365体育官网Though nine ICE detainees were released into house arrest by a judge on Friday in an effort to reduce the spread of the coronavirus, around 130 remain incarcerated at the Bristol County House of Correction and the nearby ICE detention facility, which share correctional and medical staff. The former facility also houses an additional 567 convicts and criminal defendants who are awaiting trial but have not posted bail.
Inmates incarcerated under Massachusetts criminal laws will soon have a separate process for requesting temporary release from custody during the pandemic, which the state’s Supreme Judicial Court is devising in response to a lawsuit filed by a coalition of criminal defense organizations.
365体育官网Detainees and inmates throughout Bristol County’s jail complex in Dartmouth live in close quarters, sharing many objects and surfaces. A survey of Massachusetts sheriffs conducted by the Supreme Judicial Court found that Bristol County maintained one of the most crowded jails in the state.
Sheriff Hodgson reported on Thursday that 64 percent of inmates and detainees sleep in bunk beds spaced three feet apart, though he said that, by sleeping head to toe, inmates complied with the six feet of social distance recommended by the CDC.
Only two of the state’s 12 county jail complexes, in Norfolk and Worcester counties, reported percentages of inmates sleeping within six feet of one another that were higher than 64 percent.
365体育官网Descriptions of conditions inside Bristol County’s jail complex are difficult to confirm. The sheriff is not allowing journalists or any visitors inside the facilities at this time, citing concerns about exposing the staff and inmates to the coronavirus.
Some inmate advocacy groups dispute descriptions of safety protocols within the complex provided by Hodgson and ICE, which they said include several disinfections of the facility each day and the screening of new inmates before being accepted into custody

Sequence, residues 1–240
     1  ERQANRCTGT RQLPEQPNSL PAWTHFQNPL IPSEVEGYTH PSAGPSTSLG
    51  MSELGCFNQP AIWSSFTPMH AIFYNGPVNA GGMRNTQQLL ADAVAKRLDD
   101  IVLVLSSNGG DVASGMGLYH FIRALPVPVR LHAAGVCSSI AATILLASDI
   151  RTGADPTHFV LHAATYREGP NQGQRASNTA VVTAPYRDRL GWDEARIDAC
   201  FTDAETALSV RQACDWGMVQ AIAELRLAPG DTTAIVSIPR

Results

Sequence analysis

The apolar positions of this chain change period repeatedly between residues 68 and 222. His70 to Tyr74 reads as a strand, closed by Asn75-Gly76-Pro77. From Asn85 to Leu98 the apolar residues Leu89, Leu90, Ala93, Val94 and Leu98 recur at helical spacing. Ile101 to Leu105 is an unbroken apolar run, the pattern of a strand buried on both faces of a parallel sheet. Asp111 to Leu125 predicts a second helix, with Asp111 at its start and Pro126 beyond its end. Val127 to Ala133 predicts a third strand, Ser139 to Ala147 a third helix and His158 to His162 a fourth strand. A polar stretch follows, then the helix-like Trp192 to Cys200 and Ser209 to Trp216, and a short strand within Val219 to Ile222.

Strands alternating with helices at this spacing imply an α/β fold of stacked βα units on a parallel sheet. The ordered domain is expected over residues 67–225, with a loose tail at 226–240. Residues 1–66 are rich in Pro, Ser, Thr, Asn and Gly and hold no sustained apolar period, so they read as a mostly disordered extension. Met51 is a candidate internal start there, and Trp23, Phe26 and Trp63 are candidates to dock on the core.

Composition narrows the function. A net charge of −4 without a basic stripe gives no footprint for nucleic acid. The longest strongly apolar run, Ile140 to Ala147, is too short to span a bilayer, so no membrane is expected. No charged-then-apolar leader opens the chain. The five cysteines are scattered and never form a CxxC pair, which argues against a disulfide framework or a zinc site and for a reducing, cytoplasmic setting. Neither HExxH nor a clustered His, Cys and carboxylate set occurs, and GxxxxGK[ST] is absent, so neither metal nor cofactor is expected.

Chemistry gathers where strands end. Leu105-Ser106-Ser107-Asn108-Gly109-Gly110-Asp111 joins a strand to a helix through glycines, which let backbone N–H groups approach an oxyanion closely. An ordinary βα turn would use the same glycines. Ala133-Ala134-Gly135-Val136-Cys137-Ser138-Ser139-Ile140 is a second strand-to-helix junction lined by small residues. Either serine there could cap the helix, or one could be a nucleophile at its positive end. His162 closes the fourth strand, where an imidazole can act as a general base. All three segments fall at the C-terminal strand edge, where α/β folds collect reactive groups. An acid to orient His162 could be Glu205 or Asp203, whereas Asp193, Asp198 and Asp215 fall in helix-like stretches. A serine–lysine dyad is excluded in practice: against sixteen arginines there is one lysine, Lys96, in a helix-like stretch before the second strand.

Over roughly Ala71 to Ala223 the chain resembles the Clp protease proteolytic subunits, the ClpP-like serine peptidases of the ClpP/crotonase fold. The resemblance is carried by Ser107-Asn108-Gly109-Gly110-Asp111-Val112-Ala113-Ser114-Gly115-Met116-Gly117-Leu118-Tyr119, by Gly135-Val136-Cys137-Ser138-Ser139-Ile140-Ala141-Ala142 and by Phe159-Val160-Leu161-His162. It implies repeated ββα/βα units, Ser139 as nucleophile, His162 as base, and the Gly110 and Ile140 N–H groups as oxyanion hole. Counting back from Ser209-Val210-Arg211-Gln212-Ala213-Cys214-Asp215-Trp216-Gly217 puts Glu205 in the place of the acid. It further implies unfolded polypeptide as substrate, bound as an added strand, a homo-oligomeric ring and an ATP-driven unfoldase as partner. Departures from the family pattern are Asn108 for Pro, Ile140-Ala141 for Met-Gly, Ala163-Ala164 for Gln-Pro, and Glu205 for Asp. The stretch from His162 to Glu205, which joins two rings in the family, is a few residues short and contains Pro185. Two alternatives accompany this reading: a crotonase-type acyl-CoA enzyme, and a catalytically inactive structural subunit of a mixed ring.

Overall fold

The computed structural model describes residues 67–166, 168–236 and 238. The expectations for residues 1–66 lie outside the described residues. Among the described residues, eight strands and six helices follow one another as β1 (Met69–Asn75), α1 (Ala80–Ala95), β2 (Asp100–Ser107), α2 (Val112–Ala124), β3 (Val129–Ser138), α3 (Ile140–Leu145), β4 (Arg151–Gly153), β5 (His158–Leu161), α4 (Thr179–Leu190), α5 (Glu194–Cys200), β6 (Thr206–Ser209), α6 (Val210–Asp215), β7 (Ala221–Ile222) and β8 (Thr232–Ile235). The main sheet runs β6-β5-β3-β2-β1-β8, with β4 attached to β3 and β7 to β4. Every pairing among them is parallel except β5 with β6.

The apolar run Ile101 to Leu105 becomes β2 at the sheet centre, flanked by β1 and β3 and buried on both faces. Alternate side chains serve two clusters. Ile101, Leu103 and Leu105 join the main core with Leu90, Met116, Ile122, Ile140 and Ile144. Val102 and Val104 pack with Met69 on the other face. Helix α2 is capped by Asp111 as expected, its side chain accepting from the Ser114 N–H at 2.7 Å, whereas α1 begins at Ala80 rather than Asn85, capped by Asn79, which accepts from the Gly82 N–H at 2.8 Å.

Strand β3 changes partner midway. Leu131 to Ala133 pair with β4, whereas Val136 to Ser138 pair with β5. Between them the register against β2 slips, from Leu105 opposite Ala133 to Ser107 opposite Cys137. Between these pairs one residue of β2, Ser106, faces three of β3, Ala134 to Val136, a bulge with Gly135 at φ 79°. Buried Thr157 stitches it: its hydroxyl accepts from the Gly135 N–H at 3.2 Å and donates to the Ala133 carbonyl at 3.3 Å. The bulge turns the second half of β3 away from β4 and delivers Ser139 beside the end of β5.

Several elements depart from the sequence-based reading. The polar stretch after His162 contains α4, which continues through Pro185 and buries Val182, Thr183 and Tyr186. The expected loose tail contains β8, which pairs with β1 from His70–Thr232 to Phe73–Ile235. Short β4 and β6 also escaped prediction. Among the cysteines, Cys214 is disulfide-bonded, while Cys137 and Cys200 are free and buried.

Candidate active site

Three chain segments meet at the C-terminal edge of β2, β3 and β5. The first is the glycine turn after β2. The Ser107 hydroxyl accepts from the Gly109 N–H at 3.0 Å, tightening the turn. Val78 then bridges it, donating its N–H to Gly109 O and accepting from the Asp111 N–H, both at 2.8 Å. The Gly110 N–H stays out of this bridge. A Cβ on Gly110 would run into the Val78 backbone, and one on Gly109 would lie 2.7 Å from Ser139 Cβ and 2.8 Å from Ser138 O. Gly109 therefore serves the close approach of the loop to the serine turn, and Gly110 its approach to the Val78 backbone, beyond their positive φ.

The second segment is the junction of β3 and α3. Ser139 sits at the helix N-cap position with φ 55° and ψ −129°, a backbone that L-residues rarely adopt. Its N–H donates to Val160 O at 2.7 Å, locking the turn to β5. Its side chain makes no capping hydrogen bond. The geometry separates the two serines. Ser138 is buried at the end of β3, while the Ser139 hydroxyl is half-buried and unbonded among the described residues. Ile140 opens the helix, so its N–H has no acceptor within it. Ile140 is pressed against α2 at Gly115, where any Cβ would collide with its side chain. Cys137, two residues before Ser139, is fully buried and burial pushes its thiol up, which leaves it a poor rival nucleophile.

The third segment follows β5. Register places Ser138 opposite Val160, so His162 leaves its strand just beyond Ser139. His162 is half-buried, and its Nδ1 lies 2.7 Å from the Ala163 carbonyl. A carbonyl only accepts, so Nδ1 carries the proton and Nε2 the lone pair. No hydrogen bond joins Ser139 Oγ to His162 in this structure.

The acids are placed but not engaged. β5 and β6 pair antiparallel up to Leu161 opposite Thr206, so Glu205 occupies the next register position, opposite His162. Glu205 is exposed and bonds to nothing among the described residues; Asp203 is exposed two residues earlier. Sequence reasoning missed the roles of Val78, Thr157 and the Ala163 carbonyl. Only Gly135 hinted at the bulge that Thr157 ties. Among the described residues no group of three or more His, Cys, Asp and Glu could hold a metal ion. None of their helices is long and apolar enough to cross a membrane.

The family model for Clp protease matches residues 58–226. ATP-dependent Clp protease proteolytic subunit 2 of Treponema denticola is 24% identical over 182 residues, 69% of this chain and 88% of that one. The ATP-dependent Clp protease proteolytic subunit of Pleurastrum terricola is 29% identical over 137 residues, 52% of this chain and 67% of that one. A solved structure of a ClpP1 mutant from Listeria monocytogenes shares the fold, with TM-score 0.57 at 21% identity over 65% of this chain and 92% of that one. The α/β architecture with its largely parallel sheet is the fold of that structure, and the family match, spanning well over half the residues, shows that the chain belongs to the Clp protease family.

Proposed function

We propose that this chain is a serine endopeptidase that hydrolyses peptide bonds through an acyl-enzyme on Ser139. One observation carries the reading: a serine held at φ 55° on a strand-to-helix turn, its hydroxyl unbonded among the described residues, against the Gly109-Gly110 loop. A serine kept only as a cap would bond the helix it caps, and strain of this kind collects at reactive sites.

“’Social distancing’ is a meaningless term” in the Bristol County House of Correction, Lawyers for Civil Rights wrote in their lawsuit.
Rafael Pizarro, an activist with Bristol County for Correctional Justice, said the sheriff “basically wants the inmates to suffer.”
“He glorifies in poor treatment,” Pizarro said.
Hodgson has fired back, doubting the credibility of reports from civil rights groups in several statements.
“Any headlines or press releases from political activist organizations claiming infections or outbreaks are completely false and reckless,” he said.
Darling, his spokesman, had similar criticisms of attorneys representing the facility’s ICE detainees.
365体育官网“There are lawyers who represent clients in our custody that are spreading lies and rumors around the community to advance their personal political agendas in a time of national crisis,” Darling said.
365体育官网More ICE detainees are expected to be released from the Dartmouth complex next week at the order of Judge Young, who asked lawyers on both side of the lawsuit to draft a list of 50 priority detainees to consider for release, with preference for nonviolent detainees with preexisting health conditions that could make them more vulnerable to the coronavirus.
The nine detainees released from custody this week were selected from a group of eleven that had no criminal convictions or pending charges. During a hearing on Thursday, Young wondered why they’d been detained in the first place.
365体育官网“I confess I’m somewhat surprised about this, given the administration’s statement that ICE isn’t arresting such people,” he said.
“The numerical evidence seems incontrovertible, that the fewer people that are in the center, the greater the chance for health and safety for the people who remain there,” Young said.
Staff writer Ben Berke can be reached at email@example.com